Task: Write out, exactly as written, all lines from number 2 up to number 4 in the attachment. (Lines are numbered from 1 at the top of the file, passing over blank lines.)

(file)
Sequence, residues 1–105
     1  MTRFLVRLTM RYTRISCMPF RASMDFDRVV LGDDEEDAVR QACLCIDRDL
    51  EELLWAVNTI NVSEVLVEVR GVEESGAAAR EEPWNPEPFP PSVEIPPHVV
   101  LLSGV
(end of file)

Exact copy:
     1  MTRFLVRLTM RYTRISCMPF RASMDFDRVV LGDDEEDAVR QACLCIDRDL
    51  EELLWAVNTI NVSEVLVEVR GVEESGAAAR EEPWNPEPFP PSVEIPPHVV
   101  LLSGV